Register to reply

Very basic linear algebra question

by 1MileCrash
Tags: algebra, basic, linear
Share this thread:
1MileCrash
#1
Dec5-13, 01:57 PM
1MileCrash's Avatar
P: 1,302
So as I'm preparing for finals, I'm wondering:

The multiplication of two matrices is only defined under special circumstances regarding the dimensions of the matrices.

Doesn't that require that compositions of linear transformations are only defined in the same circumstances? I can't imagine not being able to not define a composition of linear transformations, can someone demonstrate this?
Phys.Org News Partner Mathematics news on Phys.org
Heat distributions help researchers to understand curved space
Professor quantifies how 'one thing leads to another'
Team announces construction of a formal computer-verified proof of the Kepler conjecture
economicsnerd
#2
Dec5-13, 02:16 PM
P: 239
If [itex]f:V\to W[/itex] and [itex]g:X\to Y[/itex] are linear transformations, it only makes sense to talk about the composition [itex]g\circ f[/itex] if [itex]W=X[/itex]. In particular, if [itex]f:\mathbb R^K \to \mathbb R^L[/itex] and [itex]g:\mathbb R^J \to \mathbb R^I[/itex] are linear transformations, it only makes sense to talk about the composition [itex]g\circ f[/itex] if [itex]\mathbb R^L=\mathbb R^J[/itex], i.e. if [itex]L=J.[/itex]

Phrasing the last point a different way now: If [itex]F[/itex] is an [itex]L\times K[/itex] matrix and [itex]G[/itex] is an [itex]I\times J[/itex] matrix, it only makes sense to talk about the matrix product [itex]GF[/itex] if [itex]L=J[/itex].

So the matrix dimension rule you learned is really there exactly because only certain functions can be composed. The expression [itex]g\circ f[/itex] only has meaning if the outputs of [itex]f[/itex] are valid inputs for [itex]g[/itex].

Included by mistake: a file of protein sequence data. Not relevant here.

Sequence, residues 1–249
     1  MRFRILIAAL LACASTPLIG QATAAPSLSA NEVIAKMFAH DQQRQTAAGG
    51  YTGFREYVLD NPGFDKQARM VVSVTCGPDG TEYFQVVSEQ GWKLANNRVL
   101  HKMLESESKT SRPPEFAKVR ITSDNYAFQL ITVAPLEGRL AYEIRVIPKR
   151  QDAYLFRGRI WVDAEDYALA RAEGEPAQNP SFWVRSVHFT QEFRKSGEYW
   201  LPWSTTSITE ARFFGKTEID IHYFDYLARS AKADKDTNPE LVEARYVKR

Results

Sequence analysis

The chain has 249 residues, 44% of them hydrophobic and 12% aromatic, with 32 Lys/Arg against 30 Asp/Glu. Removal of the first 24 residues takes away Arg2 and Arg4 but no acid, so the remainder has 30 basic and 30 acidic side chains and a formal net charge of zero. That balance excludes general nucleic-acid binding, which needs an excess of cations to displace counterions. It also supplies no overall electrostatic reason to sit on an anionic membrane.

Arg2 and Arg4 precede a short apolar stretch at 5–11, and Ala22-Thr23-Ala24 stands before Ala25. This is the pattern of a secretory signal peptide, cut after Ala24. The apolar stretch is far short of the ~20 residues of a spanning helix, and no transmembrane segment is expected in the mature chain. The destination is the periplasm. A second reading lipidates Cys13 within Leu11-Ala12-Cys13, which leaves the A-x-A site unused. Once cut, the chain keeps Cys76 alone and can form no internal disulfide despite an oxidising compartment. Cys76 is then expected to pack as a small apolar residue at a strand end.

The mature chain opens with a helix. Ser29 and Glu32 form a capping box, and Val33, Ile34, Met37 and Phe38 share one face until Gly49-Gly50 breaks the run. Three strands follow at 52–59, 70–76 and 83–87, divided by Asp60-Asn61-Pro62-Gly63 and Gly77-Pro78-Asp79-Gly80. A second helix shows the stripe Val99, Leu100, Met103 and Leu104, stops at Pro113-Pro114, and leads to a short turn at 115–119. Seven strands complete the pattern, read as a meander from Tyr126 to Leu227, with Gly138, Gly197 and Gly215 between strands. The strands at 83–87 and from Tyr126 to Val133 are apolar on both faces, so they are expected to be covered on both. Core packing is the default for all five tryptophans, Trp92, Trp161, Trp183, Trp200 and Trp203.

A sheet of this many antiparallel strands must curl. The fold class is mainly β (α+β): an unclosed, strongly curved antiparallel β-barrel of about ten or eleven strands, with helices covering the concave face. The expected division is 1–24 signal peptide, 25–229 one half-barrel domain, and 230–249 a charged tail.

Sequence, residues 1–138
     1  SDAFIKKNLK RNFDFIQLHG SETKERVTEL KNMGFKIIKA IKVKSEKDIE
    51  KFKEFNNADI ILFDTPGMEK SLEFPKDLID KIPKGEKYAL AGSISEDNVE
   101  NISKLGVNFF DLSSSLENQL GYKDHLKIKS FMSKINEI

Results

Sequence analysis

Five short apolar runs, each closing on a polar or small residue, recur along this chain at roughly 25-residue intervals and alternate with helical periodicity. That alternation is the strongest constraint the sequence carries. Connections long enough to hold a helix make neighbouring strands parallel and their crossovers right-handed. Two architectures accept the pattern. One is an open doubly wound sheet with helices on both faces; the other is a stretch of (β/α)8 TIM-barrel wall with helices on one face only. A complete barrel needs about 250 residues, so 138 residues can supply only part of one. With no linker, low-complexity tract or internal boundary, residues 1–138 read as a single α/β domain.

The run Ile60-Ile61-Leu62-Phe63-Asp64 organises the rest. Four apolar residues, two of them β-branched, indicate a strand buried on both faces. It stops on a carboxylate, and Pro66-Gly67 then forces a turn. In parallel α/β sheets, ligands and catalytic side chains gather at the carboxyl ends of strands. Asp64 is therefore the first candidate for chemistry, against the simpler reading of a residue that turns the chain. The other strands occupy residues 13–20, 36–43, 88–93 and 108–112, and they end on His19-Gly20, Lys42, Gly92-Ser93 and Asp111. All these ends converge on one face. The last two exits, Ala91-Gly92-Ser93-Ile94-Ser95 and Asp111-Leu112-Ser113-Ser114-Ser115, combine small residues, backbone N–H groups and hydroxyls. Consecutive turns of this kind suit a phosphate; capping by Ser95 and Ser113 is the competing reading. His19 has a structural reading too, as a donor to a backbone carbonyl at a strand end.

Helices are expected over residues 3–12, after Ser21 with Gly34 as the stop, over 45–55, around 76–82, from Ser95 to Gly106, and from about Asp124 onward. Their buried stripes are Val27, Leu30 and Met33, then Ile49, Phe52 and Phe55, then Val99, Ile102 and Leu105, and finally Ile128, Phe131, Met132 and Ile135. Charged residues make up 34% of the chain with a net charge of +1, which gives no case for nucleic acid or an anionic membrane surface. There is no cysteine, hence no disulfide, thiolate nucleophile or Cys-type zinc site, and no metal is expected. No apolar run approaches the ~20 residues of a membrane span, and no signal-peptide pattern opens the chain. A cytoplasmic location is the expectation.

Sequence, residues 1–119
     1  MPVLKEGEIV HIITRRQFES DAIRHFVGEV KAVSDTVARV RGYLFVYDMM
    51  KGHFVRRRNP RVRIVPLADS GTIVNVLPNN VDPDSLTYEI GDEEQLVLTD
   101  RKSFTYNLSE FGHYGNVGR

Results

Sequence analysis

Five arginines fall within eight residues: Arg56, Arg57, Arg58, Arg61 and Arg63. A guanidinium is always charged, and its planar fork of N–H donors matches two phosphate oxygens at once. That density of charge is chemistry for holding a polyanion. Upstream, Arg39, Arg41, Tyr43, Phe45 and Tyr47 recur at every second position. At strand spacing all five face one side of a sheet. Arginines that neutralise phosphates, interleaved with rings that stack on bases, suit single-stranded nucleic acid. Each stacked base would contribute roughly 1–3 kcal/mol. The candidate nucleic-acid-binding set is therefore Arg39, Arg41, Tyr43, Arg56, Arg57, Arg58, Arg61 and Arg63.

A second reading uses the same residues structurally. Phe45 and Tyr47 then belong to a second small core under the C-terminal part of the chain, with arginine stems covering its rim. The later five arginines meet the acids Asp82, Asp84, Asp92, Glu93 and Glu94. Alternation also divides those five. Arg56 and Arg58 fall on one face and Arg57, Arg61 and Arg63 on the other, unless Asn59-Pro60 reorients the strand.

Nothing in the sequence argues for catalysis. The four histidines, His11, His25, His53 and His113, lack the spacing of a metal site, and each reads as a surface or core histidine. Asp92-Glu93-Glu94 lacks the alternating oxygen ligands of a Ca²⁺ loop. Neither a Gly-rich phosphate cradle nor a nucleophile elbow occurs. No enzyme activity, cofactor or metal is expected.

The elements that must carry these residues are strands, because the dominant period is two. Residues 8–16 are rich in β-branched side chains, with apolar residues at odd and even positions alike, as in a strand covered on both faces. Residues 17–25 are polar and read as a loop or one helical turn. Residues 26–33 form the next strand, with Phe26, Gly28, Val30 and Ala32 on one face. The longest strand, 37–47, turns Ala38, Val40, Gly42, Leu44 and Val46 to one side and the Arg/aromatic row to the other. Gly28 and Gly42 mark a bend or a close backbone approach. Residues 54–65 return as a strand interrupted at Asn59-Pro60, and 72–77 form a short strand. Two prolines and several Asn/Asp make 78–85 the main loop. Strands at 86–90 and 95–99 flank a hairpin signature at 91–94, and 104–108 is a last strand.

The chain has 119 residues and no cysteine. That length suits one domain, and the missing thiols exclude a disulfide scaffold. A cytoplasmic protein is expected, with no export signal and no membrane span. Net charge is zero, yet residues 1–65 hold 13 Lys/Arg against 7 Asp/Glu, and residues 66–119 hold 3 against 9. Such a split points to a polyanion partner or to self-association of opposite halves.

Mark44
#3
Dec5-13, 02:17 PM
Mentor
P: 21,321
Quote Quote by 1MileCrash View Post
So as I'm preparing for finals, I'm wondering:

The multiplication of two matrices is only defined under special circumstances regarding the dimensions of the matrices.

Doesn't that require that compositions of linear transformations are only defined in the same circumstances? I can't imagine not being able to not define a composition of linear transformations, can someone demonstrate this?
If A is an m X n matrix, and B is an n X p matrix, then the product AB is defined, and will be an m X p matrix.

A linear transformation TA: Rn → Rm takes vectors from Rn and maps them to vectors in Rm. A matrix for TA will by m X n. Think about how TB would have to be defined (in terms of its domain and codomain) so that the composition TA TB would make sense. It might be helpful to use constants for the dimensions.

1MileCrash
#4
Dec5-13, 02:23 PM
1MileCrash's Avatar
P: 1,302
Very basic linear algebra question

Crystal clear, thanks you two.


Register to reply

Related Discussions
Linear Algebra: basic proof about a linear transformation Calculus & Beyond Homework 3
Basic question of linear algebra Linear & Abstract Algebra 6
Basic Linear Algebra Proof Calculus & Beyond Homework 3
Help with basic linear algebra Calculus & Beyond Homework 2
Basic linear algebra Calculus & Beyond Homework 16